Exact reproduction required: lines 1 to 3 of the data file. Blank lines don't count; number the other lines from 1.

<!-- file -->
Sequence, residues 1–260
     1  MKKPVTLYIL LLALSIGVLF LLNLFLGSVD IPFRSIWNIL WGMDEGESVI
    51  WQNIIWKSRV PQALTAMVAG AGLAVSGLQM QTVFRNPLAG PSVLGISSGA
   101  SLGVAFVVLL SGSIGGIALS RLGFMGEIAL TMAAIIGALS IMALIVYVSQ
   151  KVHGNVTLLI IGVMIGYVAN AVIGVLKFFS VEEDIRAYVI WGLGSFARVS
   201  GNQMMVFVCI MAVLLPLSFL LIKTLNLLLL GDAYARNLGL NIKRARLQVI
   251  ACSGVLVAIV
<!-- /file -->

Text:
Sequence, residues 1–260
     1  MKKPVTLYIL LLALSIGVLF LLNLFLGSVD IPFRSIWNIL WGMDEGESVI
    51  WQNIIWKSRV PQALTAMVAG AGLAVSGLQM QTVFRNPLAG PSVLGISSGA